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Myanmar erasing evidence of Rohingya crimes

Myanmar erasing evidence of Rohingya crimes

Myanmar's Rakhine State, where hundreds of thousands of ethnic Rohingya Muslims were forced to flee a violent expulsion campaign past year, is being militarized by Burmese security forces at a rapid pace, according to a chilling new report from Amnesty International.

They say satellite images show Rohingya villages are being bulldozed to make way for military bases.

A human rights group says Myanmar is building bases on land where the homes and mosques of Rohingya Muslims once stood.

Satellite images released by Amnesty International allegedly show military installations, roads and helipads being built over the razed villages in the last few months.

Htin Lynn, Myanmar's permanent representative to the U.N.in Geneva, rejected Lee's remarks, called on the Council to fire her, and said that Myanmar's de facto leader Aung San Suu Kyi is committed to human rights, the news agency reported.

In a report published last December, the humanitarian group said the deaths of 71.7 percent or 6,700 Rohingya were caused by violence.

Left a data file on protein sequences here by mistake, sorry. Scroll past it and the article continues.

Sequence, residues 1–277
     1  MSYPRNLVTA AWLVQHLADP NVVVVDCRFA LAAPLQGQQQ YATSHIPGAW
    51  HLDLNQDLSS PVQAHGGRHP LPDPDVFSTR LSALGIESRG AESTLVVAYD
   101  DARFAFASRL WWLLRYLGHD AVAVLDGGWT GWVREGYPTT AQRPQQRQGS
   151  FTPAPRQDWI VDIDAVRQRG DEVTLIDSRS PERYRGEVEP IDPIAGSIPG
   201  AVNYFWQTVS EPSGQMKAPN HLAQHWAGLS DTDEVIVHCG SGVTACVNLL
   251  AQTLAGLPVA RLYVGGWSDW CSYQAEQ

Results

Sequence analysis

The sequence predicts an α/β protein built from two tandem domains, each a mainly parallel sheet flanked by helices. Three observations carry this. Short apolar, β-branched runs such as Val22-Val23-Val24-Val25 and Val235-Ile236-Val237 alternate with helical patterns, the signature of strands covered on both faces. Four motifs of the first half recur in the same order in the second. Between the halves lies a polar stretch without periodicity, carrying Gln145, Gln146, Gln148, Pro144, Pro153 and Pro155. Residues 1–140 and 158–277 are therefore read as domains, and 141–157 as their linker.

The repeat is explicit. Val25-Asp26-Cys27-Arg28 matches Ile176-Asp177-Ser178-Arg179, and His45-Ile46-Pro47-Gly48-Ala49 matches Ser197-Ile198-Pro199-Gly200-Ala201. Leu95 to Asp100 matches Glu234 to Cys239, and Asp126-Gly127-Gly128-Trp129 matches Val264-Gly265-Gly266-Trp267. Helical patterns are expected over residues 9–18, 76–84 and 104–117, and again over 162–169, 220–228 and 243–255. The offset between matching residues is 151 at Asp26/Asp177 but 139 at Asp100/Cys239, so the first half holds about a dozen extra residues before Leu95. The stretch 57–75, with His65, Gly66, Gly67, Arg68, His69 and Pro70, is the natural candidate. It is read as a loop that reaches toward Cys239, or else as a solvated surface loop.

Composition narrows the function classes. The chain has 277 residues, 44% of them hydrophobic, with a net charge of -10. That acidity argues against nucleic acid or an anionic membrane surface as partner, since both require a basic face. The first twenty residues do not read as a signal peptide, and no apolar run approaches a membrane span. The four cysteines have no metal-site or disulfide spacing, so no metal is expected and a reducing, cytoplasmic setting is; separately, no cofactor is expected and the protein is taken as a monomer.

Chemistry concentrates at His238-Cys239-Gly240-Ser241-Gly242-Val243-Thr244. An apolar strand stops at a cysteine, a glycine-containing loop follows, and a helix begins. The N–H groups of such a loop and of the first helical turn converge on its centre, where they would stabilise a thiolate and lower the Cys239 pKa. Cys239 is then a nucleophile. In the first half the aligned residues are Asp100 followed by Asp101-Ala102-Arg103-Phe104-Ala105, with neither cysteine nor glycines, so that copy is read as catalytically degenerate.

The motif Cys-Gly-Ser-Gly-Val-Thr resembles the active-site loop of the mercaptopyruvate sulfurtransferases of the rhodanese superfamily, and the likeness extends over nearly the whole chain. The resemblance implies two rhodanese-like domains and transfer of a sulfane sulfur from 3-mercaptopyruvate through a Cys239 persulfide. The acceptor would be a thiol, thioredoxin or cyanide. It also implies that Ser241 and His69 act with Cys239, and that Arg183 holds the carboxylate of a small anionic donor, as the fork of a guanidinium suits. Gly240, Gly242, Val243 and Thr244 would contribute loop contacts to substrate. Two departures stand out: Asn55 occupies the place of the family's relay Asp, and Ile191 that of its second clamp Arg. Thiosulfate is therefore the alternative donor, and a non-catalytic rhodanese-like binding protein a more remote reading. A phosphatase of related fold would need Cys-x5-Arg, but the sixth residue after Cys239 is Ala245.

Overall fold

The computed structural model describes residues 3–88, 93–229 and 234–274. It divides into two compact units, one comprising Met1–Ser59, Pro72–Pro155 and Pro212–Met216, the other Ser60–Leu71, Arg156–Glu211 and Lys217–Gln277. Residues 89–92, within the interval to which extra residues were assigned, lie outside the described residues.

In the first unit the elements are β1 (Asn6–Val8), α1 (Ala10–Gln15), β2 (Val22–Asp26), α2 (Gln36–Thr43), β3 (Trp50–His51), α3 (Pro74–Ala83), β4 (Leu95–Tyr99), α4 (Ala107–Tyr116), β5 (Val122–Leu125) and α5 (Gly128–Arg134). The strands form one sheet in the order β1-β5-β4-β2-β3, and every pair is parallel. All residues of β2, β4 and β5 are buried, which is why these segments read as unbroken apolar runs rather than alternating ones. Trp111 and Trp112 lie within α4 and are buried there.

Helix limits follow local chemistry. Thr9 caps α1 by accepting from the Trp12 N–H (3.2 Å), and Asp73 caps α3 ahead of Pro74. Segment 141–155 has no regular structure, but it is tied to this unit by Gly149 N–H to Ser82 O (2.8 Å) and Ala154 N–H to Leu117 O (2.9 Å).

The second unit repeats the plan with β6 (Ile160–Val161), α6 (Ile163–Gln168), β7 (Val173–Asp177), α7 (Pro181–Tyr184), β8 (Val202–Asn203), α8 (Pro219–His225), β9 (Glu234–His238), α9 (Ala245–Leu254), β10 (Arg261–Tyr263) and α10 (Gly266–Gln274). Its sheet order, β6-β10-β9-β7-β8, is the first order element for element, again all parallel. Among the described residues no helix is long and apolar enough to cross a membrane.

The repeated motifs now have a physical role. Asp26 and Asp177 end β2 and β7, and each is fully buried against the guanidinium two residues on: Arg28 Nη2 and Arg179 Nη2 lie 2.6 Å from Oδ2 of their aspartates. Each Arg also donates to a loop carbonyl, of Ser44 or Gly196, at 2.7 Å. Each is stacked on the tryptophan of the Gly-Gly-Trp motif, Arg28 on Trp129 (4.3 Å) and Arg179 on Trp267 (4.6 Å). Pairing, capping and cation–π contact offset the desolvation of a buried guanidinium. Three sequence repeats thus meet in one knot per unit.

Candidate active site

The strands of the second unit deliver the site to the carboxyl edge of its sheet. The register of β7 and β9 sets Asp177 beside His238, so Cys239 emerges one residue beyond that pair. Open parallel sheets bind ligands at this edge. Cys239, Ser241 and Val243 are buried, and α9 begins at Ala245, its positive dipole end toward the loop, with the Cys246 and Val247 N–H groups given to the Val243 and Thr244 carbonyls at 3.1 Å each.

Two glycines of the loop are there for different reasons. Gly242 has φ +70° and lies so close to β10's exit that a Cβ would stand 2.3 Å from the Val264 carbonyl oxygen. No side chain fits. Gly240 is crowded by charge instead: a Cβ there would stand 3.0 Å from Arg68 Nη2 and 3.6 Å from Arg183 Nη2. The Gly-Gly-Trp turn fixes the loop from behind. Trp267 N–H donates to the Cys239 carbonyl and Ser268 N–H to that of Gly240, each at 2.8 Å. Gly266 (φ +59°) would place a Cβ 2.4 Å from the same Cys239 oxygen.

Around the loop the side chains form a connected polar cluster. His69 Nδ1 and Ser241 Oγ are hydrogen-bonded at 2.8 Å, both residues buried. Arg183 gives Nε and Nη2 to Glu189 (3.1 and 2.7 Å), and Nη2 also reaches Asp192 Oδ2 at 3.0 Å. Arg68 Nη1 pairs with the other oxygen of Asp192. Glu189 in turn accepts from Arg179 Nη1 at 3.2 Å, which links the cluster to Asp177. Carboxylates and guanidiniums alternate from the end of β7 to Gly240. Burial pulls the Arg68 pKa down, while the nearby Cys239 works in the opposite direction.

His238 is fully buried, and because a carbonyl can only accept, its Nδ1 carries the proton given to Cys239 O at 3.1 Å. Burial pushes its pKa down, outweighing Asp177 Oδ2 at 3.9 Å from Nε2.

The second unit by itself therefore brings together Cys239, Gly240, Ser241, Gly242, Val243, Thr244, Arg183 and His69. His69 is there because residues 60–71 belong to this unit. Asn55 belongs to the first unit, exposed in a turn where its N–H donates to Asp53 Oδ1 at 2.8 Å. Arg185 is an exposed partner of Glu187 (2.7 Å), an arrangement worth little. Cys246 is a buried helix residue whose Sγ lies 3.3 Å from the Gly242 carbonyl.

Since August 2017, the Buddhist-majority nation has reportedly driven almost 700,000 members of the besieged community into neighboring Bangladesh, as part of a wildly indiscriminate military crackdown the global community has called ethnic cleansing.

About 700,000 Rohingya - a mostly Muslim minority - have since fled to neighbouring Bangladesh, joining refugees from previous waves of violence.

"This makes the voluntary, safe and dignified return of Rohingya refugees an even more distant prospect", she said.

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"It was used to convey public messages but we know that the ultra-nationalist Buddhists have their own Facebooks and are really inciting a lot of violence and a lot of hatred against the Rohingya or other ethnic minorities", she said.

The UN Special Rapporteur on the situation of human rights in Myanmar, Yanghee Lee, told the Human Rights Council on Monday she was increasingly of the opinion that the events in Rakhine State bear the hallmarks of genocide and called in the strongest terms for accountability.

This is worrying since authorities have in the past resettled members of other ethnic groups into Rakhine State as part of efforts to develop the region.

"They have been living in Bangladesh for a long time as [ethnic] minorities", said lawmaker Hla Tun Kyaw.

"I have heard that local majority people threatened them and didn't let them buy their products", he said.

So far, civil society organizations and local communities have provided the returnees with enough food for a month, Hla Tun Kyaw said.

Delivering her report to the Council in Geneva, Lee said that to date accountability for the crimes committed in Rakhine State following 25 August 2017, and 9 October 2016, was elusive, adding that this must now be the focus of the worldwide community's efforts to bring long-lasting peace, stability and democratization to Myanmar.

The Indian diplomats later met with officials of the General Administration Department in Taungpyo Letwe, the post said. Translated by Khet Mar.